“They were two completely different worlds,” observes Meland. “Norwegians secured key roles on the fixed units from an early stage, which coloured the working environment and culture there.
“That in turn influenced the introduction of the WEA, which was accepted very quickly and with little conflict. The whole Norwegianisation process had then been under way for some time.
“On the rigs, American drilling contractors dominated and it took a long time before the leadership became Norwegian. Drilling wasn’t an easy occupation for nationals to enter. Even though the plan was to train them up, the first Norwegian drillers were not in place until the early 1980s.”
American management remained stronger on the rigs for much longer, she says.
“Mobile units were considered part of the fleet in foreign service.
“The WEA wasn’t introduced, working hours differed from the platforms and pay was lower. An offshore supplement negotiated in 1981 didn’t benefit rig workers, for example.”
Regulatory responsibility for mobile units was transferred from the Norwegian Maritime Directorate to the NPD in 1985, while the WEA was extended to them in 1992.
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Regulators, unions, the internal control principle, allocation of responsibility, the WEA, tripartite collaboration and trust – the foundations of today’s safety system were developed in 1975-82, says Meland.
“The Alexander L Kielland disaster in 1980 manifested the importance of safety work, but much was under way or in place before that,” she adds.
She believes that more research is needed on factors related to the introduction of the WEA and its significance. “Many books have been written on Norway’s oil history, but little research done.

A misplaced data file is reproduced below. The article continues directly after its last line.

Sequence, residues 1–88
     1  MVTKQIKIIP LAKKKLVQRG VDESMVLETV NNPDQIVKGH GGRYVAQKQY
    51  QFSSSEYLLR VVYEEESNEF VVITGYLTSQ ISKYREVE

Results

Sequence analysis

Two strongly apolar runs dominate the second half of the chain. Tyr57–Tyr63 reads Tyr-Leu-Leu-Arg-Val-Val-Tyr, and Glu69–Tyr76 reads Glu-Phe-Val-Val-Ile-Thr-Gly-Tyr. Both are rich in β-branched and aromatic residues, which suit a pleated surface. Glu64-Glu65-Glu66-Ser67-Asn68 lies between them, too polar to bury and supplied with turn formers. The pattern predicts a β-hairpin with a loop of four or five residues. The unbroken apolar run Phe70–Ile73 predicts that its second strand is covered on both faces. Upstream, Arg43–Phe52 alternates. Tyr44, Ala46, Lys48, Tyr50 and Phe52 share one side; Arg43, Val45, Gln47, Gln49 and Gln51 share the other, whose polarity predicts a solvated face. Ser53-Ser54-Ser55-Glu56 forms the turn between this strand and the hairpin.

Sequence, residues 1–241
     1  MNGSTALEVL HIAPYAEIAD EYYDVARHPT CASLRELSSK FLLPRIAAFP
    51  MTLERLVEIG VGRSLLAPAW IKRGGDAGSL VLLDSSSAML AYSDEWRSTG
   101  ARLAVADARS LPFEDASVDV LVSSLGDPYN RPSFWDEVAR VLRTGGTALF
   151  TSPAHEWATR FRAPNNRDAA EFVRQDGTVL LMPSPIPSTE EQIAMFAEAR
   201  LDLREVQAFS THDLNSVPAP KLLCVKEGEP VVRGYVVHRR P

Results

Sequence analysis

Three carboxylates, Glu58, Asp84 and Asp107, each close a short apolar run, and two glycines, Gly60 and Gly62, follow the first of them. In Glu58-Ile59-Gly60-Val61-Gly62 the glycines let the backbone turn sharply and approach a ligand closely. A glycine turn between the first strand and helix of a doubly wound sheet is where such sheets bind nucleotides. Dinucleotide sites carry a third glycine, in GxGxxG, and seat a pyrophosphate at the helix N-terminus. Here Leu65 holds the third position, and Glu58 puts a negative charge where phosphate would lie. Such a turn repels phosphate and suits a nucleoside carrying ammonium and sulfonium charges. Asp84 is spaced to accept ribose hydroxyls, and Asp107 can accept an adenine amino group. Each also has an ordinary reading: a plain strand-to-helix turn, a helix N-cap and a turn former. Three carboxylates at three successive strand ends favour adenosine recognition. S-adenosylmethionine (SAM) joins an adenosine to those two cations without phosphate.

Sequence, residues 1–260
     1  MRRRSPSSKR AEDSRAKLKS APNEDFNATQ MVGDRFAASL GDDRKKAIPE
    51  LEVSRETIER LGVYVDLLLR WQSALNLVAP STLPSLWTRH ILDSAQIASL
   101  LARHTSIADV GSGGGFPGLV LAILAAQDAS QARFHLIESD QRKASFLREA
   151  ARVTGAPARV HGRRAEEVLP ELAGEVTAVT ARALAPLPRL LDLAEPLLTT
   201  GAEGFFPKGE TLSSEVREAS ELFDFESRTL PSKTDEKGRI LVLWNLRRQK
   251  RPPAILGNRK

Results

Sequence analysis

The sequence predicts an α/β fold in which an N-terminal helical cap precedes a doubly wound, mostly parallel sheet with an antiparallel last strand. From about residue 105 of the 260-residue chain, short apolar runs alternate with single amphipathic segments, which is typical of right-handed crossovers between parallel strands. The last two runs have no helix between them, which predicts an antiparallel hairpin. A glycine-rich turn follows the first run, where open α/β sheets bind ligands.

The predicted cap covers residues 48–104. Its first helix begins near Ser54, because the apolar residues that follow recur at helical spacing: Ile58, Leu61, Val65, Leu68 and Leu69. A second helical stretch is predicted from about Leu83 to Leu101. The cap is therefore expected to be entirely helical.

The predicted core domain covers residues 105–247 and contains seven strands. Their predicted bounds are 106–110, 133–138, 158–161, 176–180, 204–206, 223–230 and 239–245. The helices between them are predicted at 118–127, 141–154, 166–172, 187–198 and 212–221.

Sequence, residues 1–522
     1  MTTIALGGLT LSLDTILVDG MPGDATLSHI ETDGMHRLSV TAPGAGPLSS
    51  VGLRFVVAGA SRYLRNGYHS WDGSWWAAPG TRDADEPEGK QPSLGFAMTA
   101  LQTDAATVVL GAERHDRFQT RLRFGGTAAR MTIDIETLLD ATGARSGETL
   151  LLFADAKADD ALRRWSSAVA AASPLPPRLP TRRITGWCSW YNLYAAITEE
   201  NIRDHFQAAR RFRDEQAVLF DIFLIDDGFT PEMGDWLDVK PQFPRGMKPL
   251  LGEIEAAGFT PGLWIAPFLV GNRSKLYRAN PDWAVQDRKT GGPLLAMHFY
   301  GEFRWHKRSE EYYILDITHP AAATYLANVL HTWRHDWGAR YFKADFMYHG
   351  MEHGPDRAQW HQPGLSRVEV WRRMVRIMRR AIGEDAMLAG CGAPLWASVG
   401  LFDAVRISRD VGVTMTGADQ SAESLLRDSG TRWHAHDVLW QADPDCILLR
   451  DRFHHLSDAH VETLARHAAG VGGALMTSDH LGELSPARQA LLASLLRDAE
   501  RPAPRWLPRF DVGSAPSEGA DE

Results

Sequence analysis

“Too few questions have been asked. We ought to know more, for example, about how downturns and the business cycle have affected the working environment and safety.
“That’s also important for understanding today’s position and challenges. Trust and tripartite collaboration come under pressure in hard times. But undermining trust is dangerous. It’s among the most important things which need protecting.”
A good working environment has a positive effect on health, motivation and sickness absence among employees, as well as on productivity and profitability. It also cuts costs for society.
Roar Høydal, discipline leader, PSA
The current version of the WEA came into force on 1 January 2006, building on the 1977 Act and earlier industrial safety legislation.
“It’s fundamental to working life in Norway, including in the petroleum industry,” says Roar Høydal, discipline leader for occupational health and safety at the PSA.
The Act can be regarded as a framework and a recipe book, setting goals, requirements and rules which ensure a positive working environment for individuals, enterprises and society.
It has been developed to provide secure terms of employment and equal treatment in the labour market – and to protect against physical and mental harm.
Another purpose is to ensure that the working day is meaningful and promotes health, and to contribute to a more inclusive workplace.
“The WEA regulates basic requirements for the working environment and specifies requirements for systematic efforts on HSE by the companies,” says Høydal.
“It establishes the rights and duties of both employers and employees, points out the direction of travel and sets priorities.”
A key aspect of the WEA is its emphasis that efforts to improve the working environment are a continuous process, where active use must be made of employee experience.
Worker participation is regarded as so important that employers are subject to legal requirements on both the content of and the process for such involvement.
A number of regulations have been introduced to amplify the requirements of the Act by providing more detailed provisions.
“We supervise compliance by companies in the petroleum sector with the requirements of the WEA and associated regulations,” explains Høydal.
“In addition, we have our own specific regulations for the oil and gas sector which supplement the Act.
“Our assessment is that most companies work systematically with the working environment, although areas requiring improvement always exist.”
He adds that it pays to have a good working environment. “This has a positive effect on health, motivation and sickness absence among employees, as well as on productivity and profitability. It also cuts costs for society.
“The key to success is to work preventively, systematically and on the basis of knowledge.”
Read more: Ekofisk - a cradle for safety progress